However I see now for the first time why this is so effective for so many people (though the interest factor is often the whole point of the criticsm).

    Those criticising however seem to forget that the people that this is effective for are those in debt and in need of a plan that works for them (perhaps because they don’t understand debt on a personal level?)

    Anyway, very interesting and timely, also I have to say…

    “You see, the reason our credit card had gotten so out of hand, is because we were simply in denial. We avoided opening the mounting bills, and were unsure of exactly how much we owed.”

    I can so relate – I have a whole post on “not opening the credit card statements”, I was in denial and I really didn’t want to know what the damage was!

    All the best for 2010,
    .-= Robyn @ Get Out of Credit Card Debt´s last blog ..Step 2. Track Your Spending =-.

  3. says

    I am also a huge proponet of using visual aids to help keep my mind on my money goals – I love to look at my chart and see the debt dropping and feel the level of control rising with each payment made! I actually carry mine around in my purse so that if I get an urge to stray from my budget, I can take it out and remind myself of what exactly I am working for.
    .-= Keri´s last blog ..Menu Monday =-.

  4. says

    I love the visuals, Alyssa! It would be really motivating to see all the red zeros :-).

    When we were paying off my student loan debt, I kept a spreadsheet so I could see exactly how many months I had left before they would be completely paid off…my motivation was to get them paid off so we could have kids (and so I could afford to stay home with them) :-).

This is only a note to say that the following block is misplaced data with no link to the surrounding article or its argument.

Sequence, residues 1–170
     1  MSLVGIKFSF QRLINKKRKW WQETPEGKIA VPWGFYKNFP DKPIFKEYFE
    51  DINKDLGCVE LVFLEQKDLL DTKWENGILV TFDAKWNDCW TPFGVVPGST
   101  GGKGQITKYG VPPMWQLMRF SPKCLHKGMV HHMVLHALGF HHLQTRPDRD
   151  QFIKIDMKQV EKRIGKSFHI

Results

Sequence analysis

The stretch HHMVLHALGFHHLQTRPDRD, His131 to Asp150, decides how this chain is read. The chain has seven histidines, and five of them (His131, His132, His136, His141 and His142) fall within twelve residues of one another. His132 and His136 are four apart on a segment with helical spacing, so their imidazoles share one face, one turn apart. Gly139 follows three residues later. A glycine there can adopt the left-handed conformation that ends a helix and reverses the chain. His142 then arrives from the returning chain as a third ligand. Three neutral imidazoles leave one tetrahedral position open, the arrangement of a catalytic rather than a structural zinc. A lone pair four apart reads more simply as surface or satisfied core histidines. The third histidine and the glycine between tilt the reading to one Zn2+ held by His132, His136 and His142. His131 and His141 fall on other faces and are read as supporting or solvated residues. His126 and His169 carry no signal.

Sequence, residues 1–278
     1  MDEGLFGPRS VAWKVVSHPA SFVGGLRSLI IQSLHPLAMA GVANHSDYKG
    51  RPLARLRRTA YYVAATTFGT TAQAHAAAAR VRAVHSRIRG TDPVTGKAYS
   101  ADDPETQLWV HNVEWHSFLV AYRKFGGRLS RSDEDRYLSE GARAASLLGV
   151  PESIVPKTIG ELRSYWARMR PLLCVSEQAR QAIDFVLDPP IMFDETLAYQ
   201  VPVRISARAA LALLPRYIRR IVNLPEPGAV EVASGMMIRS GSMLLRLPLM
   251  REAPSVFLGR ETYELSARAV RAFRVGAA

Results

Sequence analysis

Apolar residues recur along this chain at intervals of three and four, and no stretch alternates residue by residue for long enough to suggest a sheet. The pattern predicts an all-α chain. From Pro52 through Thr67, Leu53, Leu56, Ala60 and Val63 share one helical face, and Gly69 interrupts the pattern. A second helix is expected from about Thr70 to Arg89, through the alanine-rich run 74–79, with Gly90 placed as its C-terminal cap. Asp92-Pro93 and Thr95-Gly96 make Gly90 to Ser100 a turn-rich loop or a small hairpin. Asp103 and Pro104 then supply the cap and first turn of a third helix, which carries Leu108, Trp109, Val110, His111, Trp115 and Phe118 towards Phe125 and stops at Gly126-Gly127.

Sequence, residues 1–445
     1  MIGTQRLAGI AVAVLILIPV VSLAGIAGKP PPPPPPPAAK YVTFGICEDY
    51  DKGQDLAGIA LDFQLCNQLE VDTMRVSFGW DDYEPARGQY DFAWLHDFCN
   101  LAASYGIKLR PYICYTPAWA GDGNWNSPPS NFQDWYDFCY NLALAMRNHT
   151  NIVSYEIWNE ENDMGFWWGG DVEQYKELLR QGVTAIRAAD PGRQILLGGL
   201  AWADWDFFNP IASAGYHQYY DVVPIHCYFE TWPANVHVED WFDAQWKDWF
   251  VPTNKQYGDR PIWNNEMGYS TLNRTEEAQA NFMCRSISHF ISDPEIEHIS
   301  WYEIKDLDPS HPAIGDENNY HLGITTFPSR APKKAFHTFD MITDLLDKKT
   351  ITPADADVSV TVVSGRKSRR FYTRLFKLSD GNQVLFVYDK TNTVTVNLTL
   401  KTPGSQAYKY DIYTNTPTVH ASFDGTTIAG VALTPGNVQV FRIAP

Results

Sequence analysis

.-= Corrie @ “Cents”able Momma´s last blog ..Qdoba: $5 Meal Deal With Online Order =-.

  5. says

    We have a similar board here at our house, except I used posterboard we already had because we didn’t have a whiteboard at the time. When the monthly amount or balance changed, I would just add a new sticky note with the new number. I loved it. I also stuck the actual credit card to the posterboard instead of writing out the name. That way, I couldn’t carry them around, and it was a very real reminder of how we got into this trouble in the first place.

    We aren’t there yet … but we’re getting closer. Thanks for the post, Alyssa. Great job.
    .-= Em.´s last blog ..Pantry Challenge: Week 3 =-.

  6. says

    God really does work in mysterious ways. Yesterday my husband was given Dave Ramsey’s book by a customer who was moving into house that he had paid cash for. Last night we read the first 9 chapters and today I came to see you and you are talking about it too. If I had any doubts in my mind they are gone. God Bless You and your family!